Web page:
Composting process

Composting: How It Works

The creation of compost has a long history dating back thousands of years, and the product itself is still highly popular as soil amendment for both large-scale farms and small home gardens. However, most people only have a vague idea of what compost is and definitions can vary. In simple terms, compost is made by blending together green waste (such as grass, leaves, and food waste) with brown waste (which includes woody materials like stalks, tree branches, and paper). Then, over a period of multiple months, these materials break down; the process of decomposition is promoted by grinding or shredding the materials, keeping the mixture wet, and providing necessary aeration by flipping the mixture or otherwise turning it. A well-cultivated compost pile results in a thriving environment that contains fungi, bacteria, and other decomposers, all of which contribute to the breaking down of the waste materials, as well the nutritious value of the compost itself.

One of the most important parts of creating compost is making sure the ingredients involved will not produce a final product that is a potential contaminant, which can result in a food safety issue. Proper aeration is necessary to meet FDA guidelines for producing safe compost, especially when in large batches. A compost pile with too hot a temperature for multiple consecutive days is a cause for concern, and some materials are not recommended for composting. For example, in smaller batches containing meat products can result in the mixture overheating, and also has an unpleasant smell that can attract animals. Adding ash or charcoal to one’s compost pile is also not recommended, as such materials contain high amounts of sulfur which can negatively affect plant growth. Though the composting process can seem complicated and difficult to get started yourself, there are plenty of free resources available on the web for composting. For more information on how to cultivate your own compost, below are a few links to pages that can get you started.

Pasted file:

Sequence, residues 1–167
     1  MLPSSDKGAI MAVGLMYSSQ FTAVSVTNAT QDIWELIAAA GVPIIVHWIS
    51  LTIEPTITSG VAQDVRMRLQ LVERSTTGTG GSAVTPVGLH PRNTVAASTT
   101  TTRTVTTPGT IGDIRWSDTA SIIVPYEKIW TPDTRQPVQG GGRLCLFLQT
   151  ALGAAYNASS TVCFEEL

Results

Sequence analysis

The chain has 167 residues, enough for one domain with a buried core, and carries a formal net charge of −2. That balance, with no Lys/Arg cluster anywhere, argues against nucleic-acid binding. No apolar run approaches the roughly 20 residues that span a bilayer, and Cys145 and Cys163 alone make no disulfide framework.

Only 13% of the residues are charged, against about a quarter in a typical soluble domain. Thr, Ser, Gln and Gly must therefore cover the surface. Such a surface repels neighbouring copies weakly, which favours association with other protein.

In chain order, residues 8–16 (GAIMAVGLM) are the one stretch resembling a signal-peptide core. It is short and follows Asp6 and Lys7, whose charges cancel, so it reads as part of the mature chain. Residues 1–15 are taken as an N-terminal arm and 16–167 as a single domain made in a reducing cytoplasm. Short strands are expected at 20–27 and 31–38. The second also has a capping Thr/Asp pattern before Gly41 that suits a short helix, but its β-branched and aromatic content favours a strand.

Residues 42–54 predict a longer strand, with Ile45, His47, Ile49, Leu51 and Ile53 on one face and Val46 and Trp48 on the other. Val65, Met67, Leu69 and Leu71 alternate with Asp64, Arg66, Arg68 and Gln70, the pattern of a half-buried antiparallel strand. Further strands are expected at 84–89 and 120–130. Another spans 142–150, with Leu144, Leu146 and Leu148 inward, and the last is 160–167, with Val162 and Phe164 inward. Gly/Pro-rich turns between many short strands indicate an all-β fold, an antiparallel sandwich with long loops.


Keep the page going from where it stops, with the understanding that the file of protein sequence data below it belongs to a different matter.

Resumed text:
A good introduction to home composting:
United States Environmental Protection Agency: Composting at Home
Learn more about the uses of compost and its impact on the environment:
Compost and Mulch by CalRecycle
Dive deeper into perfecting your own compost pile:
Sydney Gardeners Ultimate Guide to Composting
List of materials that can and can’t be composted:
What Can Be Composted by Personal Creations
A guide to more resources on composting:
Compost Resources by Compost Foundation

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